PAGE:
I sat on my couch on the fourth of October and flipped through the channels on my television. I caught a glimpse of Emily Blunt grabbing a blonde by the back of her head and dragging her onto the floor. The title, The Girl on the Train, flashed at the end and I was in bewilderment. “That’s a movie now?” I thought to myself. The movie was released to theaters on the eighth. I picked up the novel, which had been sitting on my bookshelf for some time, and opened the cover, ready to finally read what everyone was about to see on the big screen. I could not have the world tell me the plot and ending before I could figure it out myself; I had to finish it before the movie release. Why was I motivated soon after that preview to read the book rather than when I first purchased that book eight months prior? The answer was always sitting there on my bookshelf, but the media pushed me towards it and spoke clearer to me in that thirty-second preview.
A generation raised on a technological dominion is controlling the tug of war between paper books and Kindles, but recently, a pawn on the chessboard has pushed both forms of reading into a new limelight. Movies have issued all of us a timeline—this is how long you have until the movie comes out and this is how long the book has actually been published. This reverse psychology is a ploy to make us think a book is popular only because it’s a movie—the only publicity coming from media strung advertisement. We think to ourselves: I must buy this book to find out what everyone is talking about; I must avoid that fear-of-missing-out feeling. Film may act as a stepping-stone, bridging the gap between readers and nonreaders , but are we too lazy to take the time to discover new literature on our own, or do we solely crave the literary satisfaction of the media telling us what’s worth reading?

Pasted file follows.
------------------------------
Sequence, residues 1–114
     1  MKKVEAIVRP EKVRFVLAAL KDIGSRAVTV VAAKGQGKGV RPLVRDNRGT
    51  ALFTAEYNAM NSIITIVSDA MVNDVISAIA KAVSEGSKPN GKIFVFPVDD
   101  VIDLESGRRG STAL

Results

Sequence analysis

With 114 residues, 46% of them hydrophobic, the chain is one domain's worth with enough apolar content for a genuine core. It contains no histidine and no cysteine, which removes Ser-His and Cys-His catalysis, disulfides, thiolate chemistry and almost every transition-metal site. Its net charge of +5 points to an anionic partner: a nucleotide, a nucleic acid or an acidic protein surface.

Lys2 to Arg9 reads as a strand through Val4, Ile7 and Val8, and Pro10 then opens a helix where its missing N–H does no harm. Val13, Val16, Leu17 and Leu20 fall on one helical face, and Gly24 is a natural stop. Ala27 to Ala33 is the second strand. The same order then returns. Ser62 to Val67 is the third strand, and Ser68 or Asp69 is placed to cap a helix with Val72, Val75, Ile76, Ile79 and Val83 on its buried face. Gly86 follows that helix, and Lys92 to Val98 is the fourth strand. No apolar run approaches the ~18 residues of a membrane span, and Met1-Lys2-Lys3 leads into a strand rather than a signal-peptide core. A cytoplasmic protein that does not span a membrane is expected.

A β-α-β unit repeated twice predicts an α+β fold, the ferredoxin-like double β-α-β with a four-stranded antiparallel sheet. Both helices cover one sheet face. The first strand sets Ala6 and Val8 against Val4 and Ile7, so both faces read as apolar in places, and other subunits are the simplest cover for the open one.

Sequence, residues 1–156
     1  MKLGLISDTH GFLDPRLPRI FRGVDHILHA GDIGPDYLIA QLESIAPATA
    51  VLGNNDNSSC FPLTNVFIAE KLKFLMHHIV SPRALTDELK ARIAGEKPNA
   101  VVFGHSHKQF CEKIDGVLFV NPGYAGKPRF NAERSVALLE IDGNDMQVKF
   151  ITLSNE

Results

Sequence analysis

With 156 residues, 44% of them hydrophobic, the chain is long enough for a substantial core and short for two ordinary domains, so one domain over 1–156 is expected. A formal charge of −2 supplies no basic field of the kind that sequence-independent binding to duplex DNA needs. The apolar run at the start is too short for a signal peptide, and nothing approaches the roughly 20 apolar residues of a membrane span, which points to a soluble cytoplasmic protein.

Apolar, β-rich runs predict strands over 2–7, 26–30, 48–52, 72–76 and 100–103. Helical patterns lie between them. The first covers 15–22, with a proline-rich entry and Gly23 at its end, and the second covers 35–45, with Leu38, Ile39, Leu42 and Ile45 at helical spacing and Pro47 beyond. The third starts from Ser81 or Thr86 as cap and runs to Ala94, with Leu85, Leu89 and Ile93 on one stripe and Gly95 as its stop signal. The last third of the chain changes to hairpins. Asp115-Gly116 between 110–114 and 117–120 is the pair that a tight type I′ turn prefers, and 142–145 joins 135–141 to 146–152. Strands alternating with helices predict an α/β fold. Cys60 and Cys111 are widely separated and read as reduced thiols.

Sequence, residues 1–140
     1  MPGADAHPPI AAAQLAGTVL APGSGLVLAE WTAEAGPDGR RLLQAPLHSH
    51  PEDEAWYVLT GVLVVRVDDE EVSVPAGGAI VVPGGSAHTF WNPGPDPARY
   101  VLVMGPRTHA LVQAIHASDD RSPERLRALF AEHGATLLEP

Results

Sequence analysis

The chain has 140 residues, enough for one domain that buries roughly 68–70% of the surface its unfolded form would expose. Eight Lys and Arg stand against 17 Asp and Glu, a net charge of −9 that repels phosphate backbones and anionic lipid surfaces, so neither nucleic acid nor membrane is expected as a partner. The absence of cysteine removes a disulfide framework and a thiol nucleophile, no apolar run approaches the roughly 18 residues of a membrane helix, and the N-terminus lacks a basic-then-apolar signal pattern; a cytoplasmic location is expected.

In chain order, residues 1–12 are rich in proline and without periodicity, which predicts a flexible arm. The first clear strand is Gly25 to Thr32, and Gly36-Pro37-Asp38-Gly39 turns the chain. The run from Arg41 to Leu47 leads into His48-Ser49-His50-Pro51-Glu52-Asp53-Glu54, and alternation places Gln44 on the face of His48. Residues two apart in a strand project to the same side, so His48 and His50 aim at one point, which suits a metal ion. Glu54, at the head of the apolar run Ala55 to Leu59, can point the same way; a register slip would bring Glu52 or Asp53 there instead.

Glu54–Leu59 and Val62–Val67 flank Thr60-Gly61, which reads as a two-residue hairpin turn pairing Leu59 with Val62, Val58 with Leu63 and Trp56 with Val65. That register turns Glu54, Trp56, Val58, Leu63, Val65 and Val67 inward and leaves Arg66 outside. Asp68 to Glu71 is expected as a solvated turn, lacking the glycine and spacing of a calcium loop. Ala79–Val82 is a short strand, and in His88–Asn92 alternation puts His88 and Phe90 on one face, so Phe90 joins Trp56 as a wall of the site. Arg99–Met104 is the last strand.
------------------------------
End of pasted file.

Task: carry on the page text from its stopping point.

After a movie has been released, there is a sudden high demand for the novel it has depicted. The Hollywood Reporter states that there were 36.5 million copies of the bestselling trilogy of The Hunger Games sold (in print) after the movie premiered, a 55 percent jump from the 23.5 million copies in print before the first film’s release in 2012. The fact that novel sales have spiked is always good news; having people to talk to about the literary components engulfing our favorite characters is always great. However, it is not the love for literature that has driven these people to the store, it was the media.
Between hash tags, blog posts and status updates, the world has a constant injection of cultural phenomenon. It is physically impossible to ignore the announcements of which movie will be the “most anticipated of two thousand and whatever” and if that movie was “based on the best selling novel by so and so.” The amount of pull I had towards that dust-littered book because of a televised movie preview and the constant chatter about it on social media was incredible. The power of social reformation had done exactly what I tried fighting, forcing me to read merely because it was what everyone else was reading. Where did my individuality go? When did I give up the gift of choice and conform to the media’s marketing tactic? The thought of being controlled by Big Brother-like paranoia gnawed at me and I vowed to read because I wanted to, not to keep up with the Joneses.
Bottom line: Don’t let the media make you a puppet. Read for the literary sake of reading. Read the book and then see the movie, or vice versa. Don’t let the media trick you into thinking that a book’s merit is solely based on its Rotten Tomatoes score. A simple mentality and love for literature will only determine which novels you deem fit for reading, not the media, and certainly not Hollywood.